When you are burning wood, it goes through a heating process which consists of 3 phases.
The first phase is where the wood is heated and turns into charcoal, which has volatile gases and liquids. The second phase involves the flames burning off the volatile gases and liquids. The final phase is when the charcoal is burning and the embers are glowing. Then heat is radiated from the coals.
When starting a fire, you must consider the type of wood you want to use, how well it will burn, and how long it will burn. The absolute best trees for firewood are trees that are dead but still standing and the bark is naturally peeling off. These trees will burn the best because they are dry and seasoned. In order to cut the tree or branches down, you will need to visit the pole trimmer reviews and find the type of saw that works best for your situation. My personal preference is the Husqvarna Gas Pole Saw with the telescoping neck.
Seasoned wood is wood that has been drying for over a year and is not wet, wet wood is very hard to ignite.
If you are not cutting your own tree and just purchasing a load of pre-cut wood, there are a lot of things to look for when choosing the better wood, such as:
- banging two pieces of wood together and listen for a hollow sound, if the sound is dull or solid, the wood is wet
- wet wood weighs more than dry wood
- split a piece of wood, if it is white or grey, it is dry
- if you burn a piece and it ignites fast and easily, it is dry. If it is hard to light, it is wet
Specific Trees that are Good for Making a Fire
Hardwoods such as maple, oak, eucalyptus, and walnut, to name few, will burn longer than softwoods or conifers like red cedar, fir, birch, spruce, and pine. Softwoods or conifers do burn but they tend to burn fast causing the user to have to constantly add more wood to the fire. Fir is actually a great fire starter because it is a dry softwood that can be used for kindling. Some people start their fires with some fir and then switch to a hardwood once the fire is going.
Across the globe leather has been the coveted material for man’s clothing and accessories for centuries. It’s value is in the quality of the hide that’s used to manufacture the piece whether it’s tanned in a factory or by hand. That’s why even though many times two leather goods may look very similar they may really be as different as night and day.
Full grain leather is the best quality since it contains more of the actual hide. It’s made from the top layer of the hide which actually has all of the grain. The surface of full grain leather gets more beautiful over time with use which is why it also costs the most. If you are interested in working with fine leathers and customizing your own outfits or other items, I suggest investing in a good sewing machine for leather so that you will be able to work with the thicker fabric.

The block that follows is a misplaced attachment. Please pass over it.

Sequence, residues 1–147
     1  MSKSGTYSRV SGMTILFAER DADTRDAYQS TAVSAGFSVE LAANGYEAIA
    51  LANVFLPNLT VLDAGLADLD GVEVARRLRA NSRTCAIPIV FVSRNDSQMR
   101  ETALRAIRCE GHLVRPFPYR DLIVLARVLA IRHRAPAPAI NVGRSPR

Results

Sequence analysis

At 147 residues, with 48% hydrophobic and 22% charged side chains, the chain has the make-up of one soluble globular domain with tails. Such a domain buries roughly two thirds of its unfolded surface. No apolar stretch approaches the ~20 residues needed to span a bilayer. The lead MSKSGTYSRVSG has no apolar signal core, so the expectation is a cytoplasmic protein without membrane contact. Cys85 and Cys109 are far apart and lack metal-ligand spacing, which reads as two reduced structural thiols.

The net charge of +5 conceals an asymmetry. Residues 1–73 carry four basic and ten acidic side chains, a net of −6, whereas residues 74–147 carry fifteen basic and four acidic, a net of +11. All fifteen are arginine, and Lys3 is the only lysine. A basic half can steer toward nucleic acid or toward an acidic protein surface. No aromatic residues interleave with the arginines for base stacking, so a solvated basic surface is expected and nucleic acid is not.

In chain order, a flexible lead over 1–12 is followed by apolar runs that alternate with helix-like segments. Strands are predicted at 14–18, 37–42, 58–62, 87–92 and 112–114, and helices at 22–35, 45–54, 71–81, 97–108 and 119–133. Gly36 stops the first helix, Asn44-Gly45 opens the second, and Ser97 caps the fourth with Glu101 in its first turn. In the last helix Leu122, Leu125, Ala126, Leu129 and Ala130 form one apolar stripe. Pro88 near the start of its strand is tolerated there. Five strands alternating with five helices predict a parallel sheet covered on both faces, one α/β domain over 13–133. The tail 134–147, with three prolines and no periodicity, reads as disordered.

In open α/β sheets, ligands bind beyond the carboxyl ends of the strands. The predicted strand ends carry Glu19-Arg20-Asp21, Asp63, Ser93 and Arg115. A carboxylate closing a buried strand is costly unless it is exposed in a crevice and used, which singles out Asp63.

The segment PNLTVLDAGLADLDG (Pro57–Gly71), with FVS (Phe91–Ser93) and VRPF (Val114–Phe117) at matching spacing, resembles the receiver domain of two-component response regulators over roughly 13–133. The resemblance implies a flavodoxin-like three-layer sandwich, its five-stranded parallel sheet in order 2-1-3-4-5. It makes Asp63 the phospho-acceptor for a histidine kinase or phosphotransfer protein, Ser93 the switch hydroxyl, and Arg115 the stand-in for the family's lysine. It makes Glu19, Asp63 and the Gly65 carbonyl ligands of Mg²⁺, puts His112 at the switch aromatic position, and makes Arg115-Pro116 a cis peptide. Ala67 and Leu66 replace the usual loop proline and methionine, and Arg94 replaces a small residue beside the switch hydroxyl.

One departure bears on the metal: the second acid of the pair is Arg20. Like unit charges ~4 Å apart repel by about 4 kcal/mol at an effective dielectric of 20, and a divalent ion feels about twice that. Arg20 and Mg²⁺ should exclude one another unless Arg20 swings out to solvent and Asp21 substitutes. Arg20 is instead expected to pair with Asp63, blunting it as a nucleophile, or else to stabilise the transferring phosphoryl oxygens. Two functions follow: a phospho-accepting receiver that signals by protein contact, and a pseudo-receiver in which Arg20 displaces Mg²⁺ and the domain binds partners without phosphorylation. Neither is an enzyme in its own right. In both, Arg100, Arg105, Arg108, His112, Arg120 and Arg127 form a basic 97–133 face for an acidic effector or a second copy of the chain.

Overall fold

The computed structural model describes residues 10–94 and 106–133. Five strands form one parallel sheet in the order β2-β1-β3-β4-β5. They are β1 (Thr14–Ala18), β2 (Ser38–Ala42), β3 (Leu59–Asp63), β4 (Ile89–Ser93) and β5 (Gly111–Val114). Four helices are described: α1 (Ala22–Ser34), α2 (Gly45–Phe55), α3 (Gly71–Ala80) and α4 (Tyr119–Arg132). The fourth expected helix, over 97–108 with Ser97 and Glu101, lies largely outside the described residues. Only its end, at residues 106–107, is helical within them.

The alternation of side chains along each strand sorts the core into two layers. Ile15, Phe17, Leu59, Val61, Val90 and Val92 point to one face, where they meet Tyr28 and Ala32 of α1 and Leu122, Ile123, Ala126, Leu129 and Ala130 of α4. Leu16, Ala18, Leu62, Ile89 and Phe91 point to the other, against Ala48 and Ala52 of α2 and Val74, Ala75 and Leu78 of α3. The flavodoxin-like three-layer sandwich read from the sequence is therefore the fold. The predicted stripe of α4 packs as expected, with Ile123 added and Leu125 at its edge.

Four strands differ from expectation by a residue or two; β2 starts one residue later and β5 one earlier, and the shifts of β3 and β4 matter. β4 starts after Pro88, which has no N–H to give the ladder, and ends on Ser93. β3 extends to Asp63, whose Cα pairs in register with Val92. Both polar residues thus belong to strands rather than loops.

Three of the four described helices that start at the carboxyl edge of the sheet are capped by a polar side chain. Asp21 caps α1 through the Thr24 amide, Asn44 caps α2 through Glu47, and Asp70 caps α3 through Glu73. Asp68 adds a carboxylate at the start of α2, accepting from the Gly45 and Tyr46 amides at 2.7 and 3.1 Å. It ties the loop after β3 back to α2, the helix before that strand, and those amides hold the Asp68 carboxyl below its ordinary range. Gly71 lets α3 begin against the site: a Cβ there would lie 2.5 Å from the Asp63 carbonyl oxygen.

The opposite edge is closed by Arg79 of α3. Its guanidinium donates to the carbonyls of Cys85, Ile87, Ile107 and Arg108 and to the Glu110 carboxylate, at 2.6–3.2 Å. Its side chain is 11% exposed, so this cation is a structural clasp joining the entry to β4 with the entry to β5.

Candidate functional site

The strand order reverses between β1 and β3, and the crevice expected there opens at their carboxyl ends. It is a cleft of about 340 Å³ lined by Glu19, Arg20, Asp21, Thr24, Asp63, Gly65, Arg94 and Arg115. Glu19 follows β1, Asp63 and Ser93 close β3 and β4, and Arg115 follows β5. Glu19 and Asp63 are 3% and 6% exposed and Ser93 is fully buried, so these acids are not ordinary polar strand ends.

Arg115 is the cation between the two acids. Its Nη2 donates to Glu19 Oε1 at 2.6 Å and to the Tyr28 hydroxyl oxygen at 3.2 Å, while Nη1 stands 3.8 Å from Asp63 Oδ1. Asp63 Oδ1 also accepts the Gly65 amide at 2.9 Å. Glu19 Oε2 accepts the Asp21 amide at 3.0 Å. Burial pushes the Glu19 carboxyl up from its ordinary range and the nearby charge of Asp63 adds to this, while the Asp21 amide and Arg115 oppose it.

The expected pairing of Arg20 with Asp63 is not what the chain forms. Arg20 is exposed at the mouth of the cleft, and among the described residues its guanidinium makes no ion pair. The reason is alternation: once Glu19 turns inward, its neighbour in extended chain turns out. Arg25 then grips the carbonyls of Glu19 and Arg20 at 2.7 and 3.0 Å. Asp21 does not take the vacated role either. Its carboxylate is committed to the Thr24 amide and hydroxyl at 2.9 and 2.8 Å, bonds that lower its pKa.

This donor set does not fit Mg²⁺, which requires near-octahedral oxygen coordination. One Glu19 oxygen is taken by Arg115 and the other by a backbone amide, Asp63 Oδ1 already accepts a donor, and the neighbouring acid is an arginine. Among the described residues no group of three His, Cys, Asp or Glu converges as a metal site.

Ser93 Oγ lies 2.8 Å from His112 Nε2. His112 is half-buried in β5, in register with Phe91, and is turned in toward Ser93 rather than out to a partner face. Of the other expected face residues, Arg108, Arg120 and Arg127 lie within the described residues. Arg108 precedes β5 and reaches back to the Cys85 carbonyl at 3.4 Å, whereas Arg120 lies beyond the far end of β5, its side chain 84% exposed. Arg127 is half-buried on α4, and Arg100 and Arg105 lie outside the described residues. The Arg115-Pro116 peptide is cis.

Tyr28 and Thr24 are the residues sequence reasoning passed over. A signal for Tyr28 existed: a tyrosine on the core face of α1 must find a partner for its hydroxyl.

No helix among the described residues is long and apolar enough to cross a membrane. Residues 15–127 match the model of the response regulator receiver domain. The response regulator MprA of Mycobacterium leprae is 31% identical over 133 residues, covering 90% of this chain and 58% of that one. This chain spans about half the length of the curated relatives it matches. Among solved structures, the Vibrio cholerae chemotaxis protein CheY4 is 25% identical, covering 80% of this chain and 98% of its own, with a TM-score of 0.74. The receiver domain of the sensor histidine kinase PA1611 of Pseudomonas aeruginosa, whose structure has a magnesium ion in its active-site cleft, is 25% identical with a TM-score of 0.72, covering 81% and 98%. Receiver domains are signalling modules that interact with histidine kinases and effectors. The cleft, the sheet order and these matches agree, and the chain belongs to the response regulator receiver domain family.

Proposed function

The most expensive leather on the market currently is nappa leather. It is very soft and full grained, made from the skins of lambs or kids. Nappa leather wears well, plus it’s very supple and light weight. Typically it’s used to make luxury handbags, shoes, gloves, accessories as well as luggage and of course clothing items, particularly outerwear.
Often a coating or wax is applied to nappa leather to give it a more lustrous appearance. This coating also adds additional durability and strength to the leather but also requires additional cleaning and special care. With brushed nappa, it tends to have more of a matte finish as opposed to a sheen since it does not have a coating.
Top grain leather is the second best which is made from the split level of the top layer of the hide which makes it more pliable and easier to work with than full grain.
With genuine leather, the third grade, imperfections are sanded off or spray painted to give the appearance of higher grade leather. It’s usually made from parts of the hide that are split off of the higher grade hides.
Bonded leather, the lowest grade, is created from scraps left over that are then ground together with latex or glue and applied on top of a fiber sheet. This form of leather is often used for commercial applications because of it lower cost and durability.
There are many grades of leather and the quality varies among them, so you’ll want to to read the labels on any leather products you purchase to make sure you know what you’re getting.